After nearly a month of drama, the World Cup pool has been whittled down to just two teams: Spain and the Netherlands. Despite coming into the tournament as a favorite, Spain has never played in a World Cup final before, while Holland last reached the championship round in 1978. The match promises to be a ferocious contest, and fascinating clash of styles — but which team will walk away with the coveted Jules Rimet trophy on Sunday?
The Dutch pioneered "total football" — the slick, tactical game that added beauty and intelligence to the sport in the 1970s, says Brian Phillips at Slate. But the only team playing with that degree of style in the 2010 World Cup is Spain. Its "tiki-taka soccer" — precise, short passes building up to a sudden attack — is "a similarly coherent, and similarly beautiful, approach to the game" the Dutch team played a generation ago. All fans of the beautiful game should be backing Spain.
Spain "do not have too much... to fear from the Dutch," says former England captain Gary Lineker at BBC Sport. Good tactics and team spirit have taken Holland this far, but their "defenders and goalkeepers" are not world-class. If Spain's talented midfielders can marshal a decent attack, expect the Iberians to "come out on top."
Paul the Octopus, the supposedly psychic cephalopod who has correctly predicted the winner of all six of Germany's matches, has also predicted Spain as the likely winner of Sunday's game. Paul's latest prophecy has Spanish prime minister Jose Luis Rodriguez Zapatero concerned for the oracular creature's life. "I'm thinking about sending in a team to protect the octopus," he said. (Watch Paul the octopus make his pick)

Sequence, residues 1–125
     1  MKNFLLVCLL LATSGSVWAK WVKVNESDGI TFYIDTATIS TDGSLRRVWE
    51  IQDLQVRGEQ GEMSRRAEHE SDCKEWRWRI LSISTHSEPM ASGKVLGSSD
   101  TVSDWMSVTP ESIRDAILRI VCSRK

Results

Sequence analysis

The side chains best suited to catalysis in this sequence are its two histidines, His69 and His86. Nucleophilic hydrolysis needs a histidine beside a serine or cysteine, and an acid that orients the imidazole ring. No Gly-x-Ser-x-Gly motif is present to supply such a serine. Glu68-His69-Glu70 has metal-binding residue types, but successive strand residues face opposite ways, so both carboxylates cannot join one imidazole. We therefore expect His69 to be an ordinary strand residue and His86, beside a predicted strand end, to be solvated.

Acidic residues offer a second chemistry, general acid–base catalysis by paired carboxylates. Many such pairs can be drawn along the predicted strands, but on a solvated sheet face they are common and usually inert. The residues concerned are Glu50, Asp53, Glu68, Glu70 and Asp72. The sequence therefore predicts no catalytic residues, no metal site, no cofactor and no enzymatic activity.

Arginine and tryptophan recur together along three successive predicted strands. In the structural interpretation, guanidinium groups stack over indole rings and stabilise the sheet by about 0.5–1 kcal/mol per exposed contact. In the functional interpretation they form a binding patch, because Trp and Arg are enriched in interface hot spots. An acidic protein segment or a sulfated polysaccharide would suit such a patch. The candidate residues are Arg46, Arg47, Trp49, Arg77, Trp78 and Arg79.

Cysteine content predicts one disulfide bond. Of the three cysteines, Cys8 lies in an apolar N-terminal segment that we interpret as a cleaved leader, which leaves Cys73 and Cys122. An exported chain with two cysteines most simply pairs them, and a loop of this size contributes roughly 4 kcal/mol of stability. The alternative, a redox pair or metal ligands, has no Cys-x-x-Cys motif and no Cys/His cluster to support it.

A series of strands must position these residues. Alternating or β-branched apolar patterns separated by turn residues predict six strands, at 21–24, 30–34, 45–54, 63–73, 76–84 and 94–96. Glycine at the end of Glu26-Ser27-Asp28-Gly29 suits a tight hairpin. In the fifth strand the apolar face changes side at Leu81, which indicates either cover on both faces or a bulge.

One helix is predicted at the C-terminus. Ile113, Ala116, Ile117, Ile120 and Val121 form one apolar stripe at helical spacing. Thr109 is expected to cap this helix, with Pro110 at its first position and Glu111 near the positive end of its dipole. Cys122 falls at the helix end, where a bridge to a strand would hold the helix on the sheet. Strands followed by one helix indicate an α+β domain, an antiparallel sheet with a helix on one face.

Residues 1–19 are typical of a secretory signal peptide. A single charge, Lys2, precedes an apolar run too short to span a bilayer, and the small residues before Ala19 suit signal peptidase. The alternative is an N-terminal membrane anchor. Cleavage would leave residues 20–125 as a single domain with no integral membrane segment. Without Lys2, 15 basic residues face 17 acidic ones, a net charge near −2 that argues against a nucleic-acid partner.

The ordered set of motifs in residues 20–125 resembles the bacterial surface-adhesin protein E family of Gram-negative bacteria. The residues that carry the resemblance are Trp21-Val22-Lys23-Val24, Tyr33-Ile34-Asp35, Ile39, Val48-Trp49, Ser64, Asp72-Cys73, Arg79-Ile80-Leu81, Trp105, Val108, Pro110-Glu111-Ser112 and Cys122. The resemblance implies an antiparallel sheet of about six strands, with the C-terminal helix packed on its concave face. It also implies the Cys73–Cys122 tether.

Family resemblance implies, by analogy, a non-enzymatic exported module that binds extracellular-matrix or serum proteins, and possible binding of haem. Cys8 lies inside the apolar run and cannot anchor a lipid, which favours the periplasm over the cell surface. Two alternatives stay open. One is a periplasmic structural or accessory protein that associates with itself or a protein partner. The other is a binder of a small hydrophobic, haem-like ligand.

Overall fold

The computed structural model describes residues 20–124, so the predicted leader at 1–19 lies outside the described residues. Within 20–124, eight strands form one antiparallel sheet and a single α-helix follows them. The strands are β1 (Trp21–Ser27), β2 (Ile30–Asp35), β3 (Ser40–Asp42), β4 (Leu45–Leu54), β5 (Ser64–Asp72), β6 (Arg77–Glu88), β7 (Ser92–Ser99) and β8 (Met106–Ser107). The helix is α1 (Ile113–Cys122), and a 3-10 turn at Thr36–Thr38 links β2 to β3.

Unlike Spain, the Dutch have won every game they've played in this World Cup, says Doug Webb at the Seattle Post-Intelligencer. Their "ruthless efficiency" may be too much for the inconsistent Spanish team, whose main approach so far has been "preventing their opponents from amassing goals." Holland play the "right way," and should prevail on Sunday.
Holland's success has been down to hard work, not inherent skill, says Nigel Reed at CBC. The players' work rate is the equal of any squad in this championship, and coach Bert van Marwijk has shaped a team with the ability to do the "necessary dirty work" to grind out a win in every game. "While flair catches the eye, steel allows it to flourish." This tough Dutch team may prove too aggressive for the Spaniards.
Holland has reaped a prediction from another seemingly clairvoyant member of the animal kingdom. Mani the parakeet successfully picked the winner of all four quarter-final games, and predicts Holland will lift the trophy on Sunday afternoon. "This situation recalls the timeless question," says Juli Weiner at Vanity Fair. "Who is more trustworthy, a psychic parakeet or a psychic octopus?"